Mining sector pats media on back for coverage
Harare (New Ziana) – The media came in for rare praise at the mining media awards on Friday for coverage which is helping the sector grow exponentially, in line with the national vision of achieving a US$12 billion industry by 2030.
Only a few years ago, the media was so hostile to the mining sector that, in one instance, it derailed an investment deal worth US$500 million which the government had almost clinched with a foreign investor.
False media reporting on the goings-on in the local mining industry scuttled the huge investment which then Mines and Mining Development Minister, Winston Chitando was on the cusp of clinching.
This prompted the industry to decide to engage the media more to ensure accurate coverage of the sector, and also saw the birth of the Minex Mining Media Awards sponsored by players in mining.
Speaking at this year’s awards, Mines and Mining Development Deputy Minister, Polite Kambamura said the country now chairs both the Kimberly Process Certification and the African Diamonds Producers’ Association,
thanks to the local media’s support of the country’s mining sector.
“We are holding these two chairmanships in one year. In the past there was noise all over that there are blood diamonds in Zimbabwe but it took you the media to correct that and put this correct story forward,” he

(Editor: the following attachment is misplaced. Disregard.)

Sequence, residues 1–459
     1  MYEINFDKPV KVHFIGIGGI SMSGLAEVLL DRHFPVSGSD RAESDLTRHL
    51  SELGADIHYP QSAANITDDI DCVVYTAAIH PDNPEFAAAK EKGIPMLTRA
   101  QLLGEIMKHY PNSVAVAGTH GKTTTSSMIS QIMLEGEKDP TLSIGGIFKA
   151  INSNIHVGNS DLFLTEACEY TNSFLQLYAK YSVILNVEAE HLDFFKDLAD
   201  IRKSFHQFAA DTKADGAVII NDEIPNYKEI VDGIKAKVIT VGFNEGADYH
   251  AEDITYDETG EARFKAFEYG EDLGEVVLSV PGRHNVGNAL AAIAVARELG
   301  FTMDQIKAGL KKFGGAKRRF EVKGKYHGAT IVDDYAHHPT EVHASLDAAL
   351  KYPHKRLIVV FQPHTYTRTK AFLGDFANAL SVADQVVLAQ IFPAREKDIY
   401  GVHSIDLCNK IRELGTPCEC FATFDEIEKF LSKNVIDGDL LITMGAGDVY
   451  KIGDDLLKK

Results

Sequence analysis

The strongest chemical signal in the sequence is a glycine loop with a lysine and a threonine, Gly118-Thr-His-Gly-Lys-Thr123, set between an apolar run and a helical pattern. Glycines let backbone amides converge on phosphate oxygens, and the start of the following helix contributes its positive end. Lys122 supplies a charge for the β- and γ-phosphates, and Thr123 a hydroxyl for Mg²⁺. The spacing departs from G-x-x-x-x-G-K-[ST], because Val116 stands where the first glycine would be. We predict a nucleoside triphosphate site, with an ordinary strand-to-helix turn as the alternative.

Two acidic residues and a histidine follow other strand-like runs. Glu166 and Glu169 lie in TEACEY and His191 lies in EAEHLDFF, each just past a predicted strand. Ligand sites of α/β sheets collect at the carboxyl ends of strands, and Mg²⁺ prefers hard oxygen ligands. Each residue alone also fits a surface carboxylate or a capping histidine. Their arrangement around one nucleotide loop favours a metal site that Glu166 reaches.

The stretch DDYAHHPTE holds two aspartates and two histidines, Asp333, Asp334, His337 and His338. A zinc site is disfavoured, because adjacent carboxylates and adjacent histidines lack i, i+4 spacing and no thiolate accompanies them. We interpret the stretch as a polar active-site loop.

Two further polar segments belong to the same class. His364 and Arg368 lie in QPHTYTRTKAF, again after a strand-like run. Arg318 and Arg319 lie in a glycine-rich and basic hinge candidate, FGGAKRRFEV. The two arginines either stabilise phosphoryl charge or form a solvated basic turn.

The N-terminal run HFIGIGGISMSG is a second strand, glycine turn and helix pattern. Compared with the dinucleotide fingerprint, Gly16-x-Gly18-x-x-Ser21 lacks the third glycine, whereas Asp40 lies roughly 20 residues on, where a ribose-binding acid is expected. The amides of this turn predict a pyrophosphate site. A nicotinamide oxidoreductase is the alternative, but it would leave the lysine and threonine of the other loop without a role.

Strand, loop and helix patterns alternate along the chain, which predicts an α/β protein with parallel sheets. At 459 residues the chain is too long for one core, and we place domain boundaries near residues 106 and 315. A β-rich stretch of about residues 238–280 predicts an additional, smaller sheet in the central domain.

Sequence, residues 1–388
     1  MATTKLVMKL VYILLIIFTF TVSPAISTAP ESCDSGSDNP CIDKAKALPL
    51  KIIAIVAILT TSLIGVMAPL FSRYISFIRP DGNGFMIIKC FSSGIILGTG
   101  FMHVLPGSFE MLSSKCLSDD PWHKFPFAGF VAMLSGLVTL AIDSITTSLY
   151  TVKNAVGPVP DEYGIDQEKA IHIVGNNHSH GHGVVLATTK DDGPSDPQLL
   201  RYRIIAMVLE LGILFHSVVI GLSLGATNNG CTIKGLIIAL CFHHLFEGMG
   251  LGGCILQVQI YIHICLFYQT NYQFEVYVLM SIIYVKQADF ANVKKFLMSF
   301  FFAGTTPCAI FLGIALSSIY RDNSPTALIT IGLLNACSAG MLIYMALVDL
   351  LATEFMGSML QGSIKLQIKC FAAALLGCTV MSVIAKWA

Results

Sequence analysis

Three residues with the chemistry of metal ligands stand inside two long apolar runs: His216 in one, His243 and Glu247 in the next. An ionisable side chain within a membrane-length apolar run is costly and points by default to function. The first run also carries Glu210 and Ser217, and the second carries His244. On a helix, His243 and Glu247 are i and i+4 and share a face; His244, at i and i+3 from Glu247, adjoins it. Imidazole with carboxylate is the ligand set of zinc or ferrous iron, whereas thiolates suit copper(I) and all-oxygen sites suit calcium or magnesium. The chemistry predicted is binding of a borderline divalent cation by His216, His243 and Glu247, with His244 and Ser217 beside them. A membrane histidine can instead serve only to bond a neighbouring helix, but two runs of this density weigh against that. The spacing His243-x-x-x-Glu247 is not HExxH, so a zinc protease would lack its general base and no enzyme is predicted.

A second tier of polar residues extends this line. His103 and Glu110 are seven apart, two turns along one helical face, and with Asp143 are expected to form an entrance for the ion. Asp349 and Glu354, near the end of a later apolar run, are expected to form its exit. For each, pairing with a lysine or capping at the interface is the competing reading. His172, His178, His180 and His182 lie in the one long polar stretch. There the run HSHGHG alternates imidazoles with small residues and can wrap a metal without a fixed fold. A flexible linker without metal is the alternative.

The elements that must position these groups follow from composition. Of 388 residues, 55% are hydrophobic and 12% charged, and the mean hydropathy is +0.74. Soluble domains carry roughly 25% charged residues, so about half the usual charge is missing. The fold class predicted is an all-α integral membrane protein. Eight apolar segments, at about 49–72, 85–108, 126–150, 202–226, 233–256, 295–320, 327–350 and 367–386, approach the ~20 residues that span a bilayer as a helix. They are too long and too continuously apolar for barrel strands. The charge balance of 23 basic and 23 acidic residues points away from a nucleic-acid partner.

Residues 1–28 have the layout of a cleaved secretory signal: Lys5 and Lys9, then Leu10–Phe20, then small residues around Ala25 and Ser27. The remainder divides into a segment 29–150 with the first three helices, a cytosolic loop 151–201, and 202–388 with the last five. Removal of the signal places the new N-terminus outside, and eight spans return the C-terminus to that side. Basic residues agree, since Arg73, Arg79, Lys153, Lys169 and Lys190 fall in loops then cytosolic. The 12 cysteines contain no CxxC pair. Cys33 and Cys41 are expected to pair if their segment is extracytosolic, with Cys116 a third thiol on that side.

Kambamura urged the media to continue reporting positively on the country’s mining sector.
But, echoing President Emmerson Mnangagwa’s mantra of leaving no place and no one behind in national development, he urged journalists to take up abundant mining opportunities government was offering.
“It has been mentioned that journalists need money, come and mine lithium, we will give you claims, come and do gold, we will capacitate you,” he said.
“The President (Mnangagwa) says we are leaving no one behind and you included. It should not be an issue capacitating you people, like I said for us to be here is because of you.”
He said the mining sector had grown from US$2.7 billion in 2017 to a US$5.6 billion industry by the end of 2022 and continued to grow even as international metal prices were subdued, making it a reality for the
sector to become a US$12 billion industry by 2030.
The growth of the sector has been largely spurred by an improved investment environment, in which mining accounts for 50 percent of foreign direct investments into the country.
Key minerals vital in the achievement of a US$12 billion mining industry are gold, platinum, metals, diamond, coal and other carbons, iron and steel and lithium.
The government has come up with measures that have helped spur investment in the mining sector, including repealing some legislation which was hindering investment, while various fiscal policies to stabilise the economy have contributed to investor confidence resulting in increased investment.
“We are positive that with your support, the future is bright, we look forward to increased activity in the mining economy threefold as we drive towards 2030 and this is going to have a positive ripple effect in
the sector on revenue inflows, job creation, downstream and upstream industries,” Kambamura said.
“Going forward and in line with Vision 2030, the economic development will be underpinned by activities in the Ministry of Mines and Mining Development such as intensive exploration, opening of new mines and
intensive research in future minerals.”